Chorale sings with praises of Christmas


December 15, 2006|By Mary Johnson | Mary Johnson,Special to The Sun

For choral music fans, the Christmas season arrives when J. Ernest Green leads the Annapolis Chorale and Chamber Orchestra in their annual "A Celebration of Christmas" concert.

The orchestra opened with an expertly played Georges Bizet's "Farandole" from L'Arlesienne. It's at least the third time Green has made this unusual inclusion. A stirring version of Leroy Anderson's "Sleigh Ride" was complete with snapping whip sounds.

The singers began by offering an inspired a cappella version of "Sing We Now of Christmas" that allowed us to hear only their pure, beautiful voices.

This was followed by "It's the Most Wonderful Time of the Year" to bright musical accompaniment.

In another a cappella selection, the women of the chamber chorus sang John Ruter's "Star Carol."

A later choral segment featured carols in conductor/arranger Jeff Tyzik's suite that included "Hark the Herald Angels Sing," "What Child is This?" and "Silver Bells."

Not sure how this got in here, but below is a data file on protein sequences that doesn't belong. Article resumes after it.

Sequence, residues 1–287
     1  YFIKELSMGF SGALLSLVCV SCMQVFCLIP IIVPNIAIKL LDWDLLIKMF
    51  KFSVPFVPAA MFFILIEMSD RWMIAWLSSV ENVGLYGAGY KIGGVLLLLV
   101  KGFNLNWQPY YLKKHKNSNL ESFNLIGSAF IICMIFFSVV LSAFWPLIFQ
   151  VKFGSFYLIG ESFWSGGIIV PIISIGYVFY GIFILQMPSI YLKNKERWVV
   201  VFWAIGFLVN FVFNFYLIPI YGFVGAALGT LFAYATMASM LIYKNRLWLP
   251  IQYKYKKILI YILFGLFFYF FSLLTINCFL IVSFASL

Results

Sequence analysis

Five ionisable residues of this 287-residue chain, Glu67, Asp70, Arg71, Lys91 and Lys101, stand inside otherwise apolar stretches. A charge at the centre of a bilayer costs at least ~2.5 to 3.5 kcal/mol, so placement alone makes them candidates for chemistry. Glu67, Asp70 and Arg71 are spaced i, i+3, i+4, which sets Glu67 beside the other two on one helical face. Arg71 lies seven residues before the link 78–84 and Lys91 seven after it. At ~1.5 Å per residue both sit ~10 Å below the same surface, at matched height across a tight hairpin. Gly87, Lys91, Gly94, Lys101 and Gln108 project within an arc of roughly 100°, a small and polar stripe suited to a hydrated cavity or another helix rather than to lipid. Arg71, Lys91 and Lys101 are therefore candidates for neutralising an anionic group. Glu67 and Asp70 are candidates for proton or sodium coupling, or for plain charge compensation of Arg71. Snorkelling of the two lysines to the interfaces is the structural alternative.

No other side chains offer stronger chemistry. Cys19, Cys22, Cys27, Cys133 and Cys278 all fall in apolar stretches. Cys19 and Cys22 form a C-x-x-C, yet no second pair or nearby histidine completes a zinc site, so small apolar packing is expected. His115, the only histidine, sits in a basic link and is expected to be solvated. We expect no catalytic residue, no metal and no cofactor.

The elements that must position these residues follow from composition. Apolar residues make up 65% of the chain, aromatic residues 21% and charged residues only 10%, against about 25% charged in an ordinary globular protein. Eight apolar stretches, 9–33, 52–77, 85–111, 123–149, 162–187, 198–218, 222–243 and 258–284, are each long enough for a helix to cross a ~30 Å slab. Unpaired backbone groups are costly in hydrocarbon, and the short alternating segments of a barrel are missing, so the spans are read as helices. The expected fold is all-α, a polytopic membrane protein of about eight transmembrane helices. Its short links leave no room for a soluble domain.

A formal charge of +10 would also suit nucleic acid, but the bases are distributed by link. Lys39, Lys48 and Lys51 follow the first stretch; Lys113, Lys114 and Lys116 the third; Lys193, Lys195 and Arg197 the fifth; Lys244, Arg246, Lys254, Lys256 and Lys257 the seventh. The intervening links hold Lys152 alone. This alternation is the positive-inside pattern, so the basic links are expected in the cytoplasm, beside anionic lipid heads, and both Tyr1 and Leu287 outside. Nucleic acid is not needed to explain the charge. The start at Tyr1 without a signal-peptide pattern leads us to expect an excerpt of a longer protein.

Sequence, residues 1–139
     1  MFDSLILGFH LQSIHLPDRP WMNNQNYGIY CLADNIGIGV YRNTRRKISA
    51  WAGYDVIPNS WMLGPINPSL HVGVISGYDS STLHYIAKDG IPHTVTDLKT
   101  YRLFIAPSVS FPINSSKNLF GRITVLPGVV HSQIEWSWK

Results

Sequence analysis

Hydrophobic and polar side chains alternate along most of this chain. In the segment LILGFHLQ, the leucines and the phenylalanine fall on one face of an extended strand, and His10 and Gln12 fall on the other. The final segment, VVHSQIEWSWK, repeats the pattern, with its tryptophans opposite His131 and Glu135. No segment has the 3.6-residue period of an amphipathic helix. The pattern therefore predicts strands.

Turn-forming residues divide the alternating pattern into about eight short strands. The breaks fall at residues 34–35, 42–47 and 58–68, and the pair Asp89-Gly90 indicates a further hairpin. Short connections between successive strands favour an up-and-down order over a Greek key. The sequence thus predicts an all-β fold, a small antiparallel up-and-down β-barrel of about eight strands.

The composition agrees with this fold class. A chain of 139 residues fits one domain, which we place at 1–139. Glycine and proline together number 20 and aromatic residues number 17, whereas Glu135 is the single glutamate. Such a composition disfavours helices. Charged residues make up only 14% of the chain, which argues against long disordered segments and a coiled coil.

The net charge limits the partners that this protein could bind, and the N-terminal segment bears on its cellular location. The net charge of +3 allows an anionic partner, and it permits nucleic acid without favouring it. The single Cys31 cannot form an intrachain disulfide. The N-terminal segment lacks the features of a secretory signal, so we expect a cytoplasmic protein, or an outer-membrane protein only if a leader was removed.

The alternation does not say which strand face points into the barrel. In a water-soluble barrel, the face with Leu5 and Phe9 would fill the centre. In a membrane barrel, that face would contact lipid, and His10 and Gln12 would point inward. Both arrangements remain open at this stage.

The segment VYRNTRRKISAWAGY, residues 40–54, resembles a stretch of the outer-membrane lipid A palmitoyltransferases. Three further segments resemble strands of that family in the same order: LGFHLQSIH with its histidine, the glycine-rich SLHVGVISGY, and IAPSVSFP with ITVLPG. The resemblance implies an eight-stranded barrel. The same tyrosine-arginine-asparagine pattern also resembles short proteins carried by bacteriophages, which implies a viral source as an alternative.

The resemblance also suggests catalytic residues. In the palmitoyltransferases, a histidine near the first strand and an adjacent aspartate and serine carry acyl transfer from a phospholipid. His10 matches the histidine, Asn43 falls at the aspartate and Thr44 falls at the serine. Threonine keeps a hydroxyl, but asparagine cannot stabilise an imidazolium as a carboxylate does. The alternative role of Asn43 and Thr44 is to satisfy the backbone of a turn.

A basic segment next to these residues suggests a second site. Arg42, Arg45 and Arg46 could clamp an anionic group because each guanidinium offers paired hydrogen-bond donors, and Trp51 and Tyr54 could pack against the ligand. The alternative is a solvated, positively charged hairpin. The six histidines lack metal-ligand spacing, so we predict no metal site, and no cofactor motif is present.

The chorus offered a charming "Christmas Waltz" and a glowing "White Christmas" that warmed spirits.

The orchestra welcomed pianist Eric Apland, who lent distinction to classical selections and provided jazz magic to pops favorites when he accompanied guest artist Felicia Carter.

Carter delivered a mellow version of "The Christmas Song," a seductive "Santa Baby" and an upbeat, nostalgic "Have Yourself a Merry Little Christmas."

Sometimes we gain appreciation of artists' professionalism when we see them cope with unexpected challenges. Carter gamely struggled with a tune played in the wrong key by accompanist Apland, who soon remedied his error to allow the unperturbed singer to do full justice to "I'll Be Home for Christmas" - a song written during World War II that seems meaningful this holiday season.

Featured classical soloists included baritone Christopher Rhodovi, who has appeared often enough to qualify as an Annapolis Chorale favorite, most recently adding luster to La Traviata.

The audience was invited to join in with "O Come All Ye Faithful" to end the concert and prepare everyone for the season and for the social gathering that followed downstairs.

Baltimore Sun Articles
Please note the green-lined linked article text has been applied commercially without any involvement from our newsroom editors, reporters or any other editorial staff.